An Interview with Jen Faulkner

I recently reviewed the wonderful, A Monster Ate My Mum, which deals with the impact of post natal depression on the family unit. If you haven’t read my review, you can find it here.

Jen is a wonderful woman and I’ve read her blog InstinctiveMum with both interest and admiration and was thrilled when she agreed to be interviewed here at TheLiteraryMum! So here we go, I asked Jen about the book, it’s background, purpose and her hopes for its future…here’s what she said!

1. When and why did you make the decision to write the book?

I didn’t ever sit down and intend to write this book, it has magically evolved over time. I decided to start a blog when a very good friend thought it might help me and be cathartic, which it was. And when I first wrote the poem and published it on my blog I never imagined it would turn into a book, however over time and after many conversations with other PND sufferers, it seemed that there was nothing out there like it to support children and families. I saw first hand the wonderful response from my children and had been so grateful for the honest and open conversations the poem prompted that I knew I had to publish it and help as many other people as possible.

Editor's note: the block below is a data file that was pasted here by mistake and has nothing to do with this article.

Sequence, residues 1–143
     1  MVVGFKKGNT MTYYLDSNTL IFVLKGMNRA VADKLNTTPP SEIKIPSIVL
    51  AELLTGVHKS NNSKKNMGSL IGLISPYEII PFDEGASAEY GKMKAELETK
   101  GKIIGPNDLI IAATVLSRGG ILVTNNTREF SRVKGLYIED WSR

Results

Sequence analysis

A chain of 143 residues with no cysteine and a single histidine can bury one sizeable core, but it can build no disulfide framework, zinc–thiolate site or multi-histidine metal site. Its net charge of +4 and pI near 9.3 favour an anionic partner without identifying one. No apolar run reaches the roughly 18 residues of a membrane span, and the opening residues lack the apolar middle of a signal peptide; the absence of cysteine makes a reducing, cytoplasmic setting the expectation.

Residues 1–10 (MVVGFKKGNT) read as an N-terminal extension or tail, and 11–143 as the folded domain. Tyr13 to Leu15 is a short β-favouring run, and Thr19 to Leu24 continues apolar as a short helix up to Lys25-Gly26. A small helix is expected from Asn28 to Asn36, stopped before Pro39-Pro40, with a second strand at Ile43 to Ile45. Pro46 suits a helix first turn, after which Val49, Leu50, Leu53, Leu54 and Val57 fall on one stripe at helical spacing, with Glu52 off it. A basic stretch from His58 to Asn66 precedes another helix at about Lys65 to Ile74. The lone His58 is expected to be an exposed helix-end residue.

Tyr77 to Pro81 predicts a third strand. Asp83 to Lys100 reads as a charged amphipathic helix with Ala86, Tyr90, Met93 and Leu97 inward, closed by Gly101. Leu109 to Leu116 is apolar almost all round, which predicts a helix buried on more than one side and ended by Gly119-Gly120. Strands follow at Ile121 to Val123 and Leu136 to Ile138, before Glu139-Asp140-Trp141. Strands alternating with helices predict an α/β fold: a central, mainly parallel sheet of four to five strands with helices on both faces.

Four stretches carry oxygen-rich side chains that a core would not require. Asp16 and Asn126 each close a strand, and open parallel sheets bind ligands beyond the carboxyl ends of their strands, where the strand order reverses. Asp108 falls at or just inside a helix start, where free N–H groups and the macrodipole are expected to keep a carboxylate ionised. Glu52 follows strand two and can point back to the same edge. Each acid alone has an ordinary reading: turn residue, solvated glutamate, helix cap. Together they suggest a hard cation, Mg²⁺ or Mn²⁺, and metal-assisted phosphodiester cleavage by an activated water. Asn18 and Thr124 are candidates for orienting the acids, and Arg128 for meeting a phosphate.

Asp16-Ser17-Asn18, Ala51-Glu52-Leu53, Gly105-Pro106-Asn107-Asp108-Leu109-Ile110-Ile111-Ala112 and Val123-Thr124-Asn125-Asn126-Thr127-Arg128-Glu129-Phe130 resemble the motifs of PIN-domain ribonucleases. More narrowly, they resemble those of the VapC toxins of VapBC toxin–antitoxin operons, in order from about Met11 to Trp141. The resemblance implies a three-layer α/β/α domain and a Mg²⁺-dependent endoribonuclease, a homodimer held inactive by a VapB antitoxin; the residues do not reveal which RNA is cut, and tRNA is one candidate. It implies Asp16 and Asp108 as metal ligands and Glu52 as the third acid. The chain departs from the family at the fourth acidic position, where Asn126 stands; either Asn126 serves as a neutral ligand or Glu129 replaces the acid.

2. How long have you been working on the concept?

The original poem was first written at the beginning of this year. It then took a couple of months for me to turn it into a story. The concept of monsters taking parts of a mum was always there right from the beginning, the challenge was writing something honest that wouldn’t terrify children. I wanted it to be visual and child friendly whilst tackling the sensitive issue of mental illness and PND.

3. How have you managed to juggle your project and your existing commitments?